Plumbing a Problem

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Sewer Backups Burden Baltimore Homeowners. A UMD Researcher Steps In.
By Liam Farrell

The map on the Baltimore City Department of Public Works website looks sterile, but the problem it illustrates is most definitely not.

Colored dots peppered across the graphic show locations of sanitary sewer overflows, the wastewater that spills in homes, streets or the environment due to a pipe break or blockage, ranging from the small and mop-able to the overwhelming in odor and damage.

An estimated 1,440 gallons of raw sewage reportedly spread on Canterbury Road near Hampden in February; 540 gallons spilled on North Hilton Street near Gwynns Falls Park in March; and 2,370 gallons leaked on Kane Street east of Bayview in May.

Marccus Hendricks, assistant professor in the School of Architecture, Planning and Preservation, is filling in the stories behind those incident reports. The goal is to provide a case study and roadmap for urban centers across the country dealing with antiquated infrastructure and storms strengthened by climate change.

“A lot of these issues are exacerbated by more frequent and intense wet weather events,” Hendricks says. “It’s a pervasive issue and only the beginning of what we can expect to see.”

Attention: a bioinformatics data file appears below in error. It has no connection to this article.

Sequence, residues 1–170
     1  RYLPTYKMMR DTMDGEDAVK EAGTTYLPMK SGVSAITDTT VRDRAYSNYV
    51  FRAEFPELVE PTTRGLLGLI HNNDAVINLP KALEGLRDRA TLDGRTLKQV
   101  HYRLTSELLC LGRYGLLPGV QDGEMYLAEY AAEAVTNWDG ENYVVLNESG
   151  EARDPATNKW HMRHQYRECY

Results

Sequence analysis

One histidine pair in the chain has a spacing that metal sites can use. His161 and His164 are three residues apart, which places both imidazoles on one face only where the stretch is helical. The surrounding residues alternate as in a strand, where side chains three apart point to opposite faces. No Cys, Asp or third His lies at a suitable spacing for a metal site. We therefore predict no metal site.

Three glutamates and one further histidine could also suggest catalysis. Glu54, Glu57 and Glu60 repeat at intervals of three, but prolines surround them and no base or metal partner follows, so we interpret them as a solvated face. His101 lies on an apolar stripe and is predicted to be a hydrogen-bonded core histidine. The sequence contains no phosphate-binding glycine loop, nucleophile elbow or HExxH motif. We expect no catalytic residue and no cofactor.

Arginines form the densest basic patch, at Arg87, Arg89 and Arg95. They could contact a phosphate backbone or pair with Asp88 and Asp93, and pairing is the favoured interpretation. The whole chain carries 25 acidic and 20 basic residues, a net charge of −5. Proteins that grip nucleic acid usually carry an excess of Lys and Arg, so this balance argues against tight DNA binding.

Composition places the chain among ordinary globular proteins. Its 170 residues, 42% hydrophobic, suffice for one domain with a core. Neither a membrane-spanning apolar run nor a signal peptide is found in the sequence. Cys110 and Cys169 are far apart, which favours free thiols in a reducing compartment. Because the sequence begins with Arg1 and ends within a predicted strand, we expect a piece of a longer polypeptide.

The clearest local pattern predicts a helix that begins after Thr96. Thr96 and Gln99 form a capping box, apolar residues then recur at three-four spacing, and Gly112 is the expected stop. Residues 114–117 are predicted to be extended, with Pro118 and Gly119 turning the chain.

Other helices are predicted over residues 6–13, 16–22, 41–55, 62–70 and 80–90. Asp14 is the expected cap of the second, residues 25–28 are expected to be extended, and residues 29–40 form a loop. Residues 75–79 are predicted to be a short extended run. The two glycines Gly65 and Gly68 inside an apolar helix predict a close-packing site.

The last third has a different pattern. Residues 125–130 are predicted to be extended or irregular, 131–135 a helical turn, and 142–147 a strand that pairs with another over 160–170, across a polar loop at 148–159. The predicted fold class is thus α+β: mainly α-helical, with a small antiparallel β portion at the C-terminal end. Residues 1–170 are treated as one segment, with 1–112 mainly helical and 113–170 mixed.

The overflows are hardly new in Baltimore—the city has been under a consent decree with state and local authorities since 2002 to fix the problems; Hendricks says Baltimore averages 6,000 backups annually.

It’s a cascading and stomach-turning mess that can wipe out a family’s possessions before contaminating streets and public places. A city reimbursement program has struggled to keep up with demand, although Baltimore public works officials say they have doubled the payout to $5,000 and note the overflows do not affect the city’s drinking water supply.

But while the problem itself is citywide, says Carmela Thomas-Wilhite, Baltimore program manager for the Chesapeake Bay Foundation, the ability to clean up varies from person to person. “It’s an environmental justice issue,” she says. “Everything is connected.”

A specialist in stormwater impacts on infrastructure, Hendricks started the project after he was chosen in 2018 as a JPB Environmental Fellow by Harvard University’s T.H. Chan School of Public Health. He’s been analyzing overflow data and conducting interviews with everyone from homeowners to Environmental Protection Agency officials.

Thomas-Wilhite believes Hendricks’ research could be another part of the effort in fixing an urgent city problem.

“It takes a group of people to create change within this city,” she says. “His research is really just holding them accountable to do the right thing.”


Teknik elektro

href The increasing frequency and intensity of wet weather events are posing significant challenges for communities around the world. As noted by Hendricks, this is a pervasive issue that we can expect to see more of in the coming years. These weather events can exacerbate existing issues such as flooding, erosion, and infrastructure damage, and create new challenges such as increased mold and insect infestations. It's critical that we take steps to mitigate the impact of these events, both through adaptation measures like improved stormwater management and infrastructure design, as well as through efforts to reduce greenhouse gas emissions and address the root causes of climate change. By working together and taking a proactive approach, we can help ensure the resilience of our communities and protect the health and well-being of our planet.

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